Chapter

Making a Hopi Nation: “Anglo” Law Comes to Hopi Country

in Arguing with Tradition

Published by University of Chicago Press

Published in print August 2008 | ISBN: 9780226712932
Published online March 2013 | e-ISBN: 9780226712963 | DOI: http://dx.doi.org/10.7208/chicago/9780226712963.003.0002
Making a Hopi Nation: “Anglo” Law Comes to Hopi Country

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The Hopi reservation occupies 1.5 million acres of those aboriginal lands promised them by Maasaw in northeastern Arizona. Over the course of the twentieth century, however, considerable concessions of Hopi reservation lands would be made by the federal government to appease the demands of the larger Navajo Tribe, which surrounds them. These and other concessions have contributed to the much-publicized land dispute between the two tribes, which continues to this day as Navajo holdouts residing on Hopi Partition Lands resist efforts and inducements by the Hopi Tribe and the federal government to relocate to the Navajo reservation. This chapter provides some context concerning the history of Anglo-American-style jurisprudence among the Hopis, and describes the physical settings, legislation, and personnel that inform the institutional operation of contemporary Hopi Tribal Court proceedings. It discusses the impact of the Anglo-American style of jurisprudence on Hopi governance, including that of Hopi villages. It also examines the centralization of Hopi tribal government, the Hopi Court of Indian Offenses, Hopi Ordinance 21, and the Hopi Tribal Court today.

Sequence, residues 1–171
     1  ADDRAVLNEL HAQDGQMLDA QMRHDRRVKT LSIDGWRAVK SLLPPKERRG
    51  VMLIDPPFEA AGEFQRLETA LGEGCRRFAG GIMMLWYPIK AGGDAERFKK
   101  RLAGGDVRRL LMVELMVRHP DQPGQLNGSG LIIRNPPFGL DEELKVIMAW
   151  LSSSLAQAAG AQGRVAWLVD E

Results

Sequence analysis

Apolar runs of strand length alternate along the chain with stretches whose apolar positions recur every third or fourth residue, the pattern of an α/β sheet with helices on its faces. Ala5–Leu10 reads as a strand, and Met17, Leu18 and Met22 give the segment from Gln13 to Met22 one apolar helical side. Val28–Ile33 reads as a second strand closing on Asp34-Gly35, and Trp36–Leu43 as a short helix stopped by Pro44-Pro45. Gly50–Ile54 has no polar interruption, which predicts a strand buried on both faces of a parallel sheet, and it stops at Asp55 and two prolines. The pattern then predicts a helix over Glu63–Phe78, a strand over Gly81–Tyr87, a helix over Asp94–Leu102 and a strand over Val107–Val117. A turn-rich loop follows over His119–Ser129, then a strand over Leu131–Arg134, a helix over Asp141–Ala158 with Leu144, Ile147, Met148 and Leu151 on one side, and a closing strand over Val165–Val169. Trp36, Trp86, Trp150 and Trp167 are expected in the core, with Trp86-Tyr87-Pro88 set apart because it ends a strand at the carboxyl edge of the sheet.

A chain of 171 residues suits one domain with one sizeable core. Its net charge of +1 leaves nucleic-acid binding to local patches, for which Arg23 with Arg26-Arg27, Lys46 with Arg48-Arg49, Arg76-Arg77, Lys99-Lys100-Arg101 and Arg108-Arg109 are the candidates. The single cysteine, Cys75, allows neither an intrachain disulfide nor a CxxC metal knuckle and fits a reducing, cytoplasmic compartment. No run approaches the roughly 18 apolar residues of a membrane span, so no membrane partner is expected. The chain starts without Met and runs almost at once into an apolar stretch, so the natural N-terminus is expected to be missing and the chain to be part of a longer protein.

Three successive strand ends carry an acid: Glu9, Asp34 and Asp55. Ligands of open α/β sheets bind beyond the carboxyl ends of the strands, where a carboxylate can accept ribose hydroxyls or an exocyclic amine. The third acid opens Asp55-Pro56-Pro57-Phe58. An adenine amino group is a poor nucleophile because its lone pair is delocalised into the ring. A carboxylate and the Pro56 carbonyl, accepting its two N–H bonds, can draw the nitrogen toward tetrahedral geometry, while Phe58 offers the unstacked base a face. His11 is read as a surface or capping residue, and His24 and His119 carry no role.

Keywords: Hopi reservation; Hopi Tribe; Navajo Tribe; aboriginal lands; land dispute; jurisprudence; Hopi Tribal Court; Hopi governance; Hopi Ordinance 21; Hopi Court of Indian Offenses

Chapter.  11153 words.  Illustrated.

Subjects: Social and Cultural Anthropology

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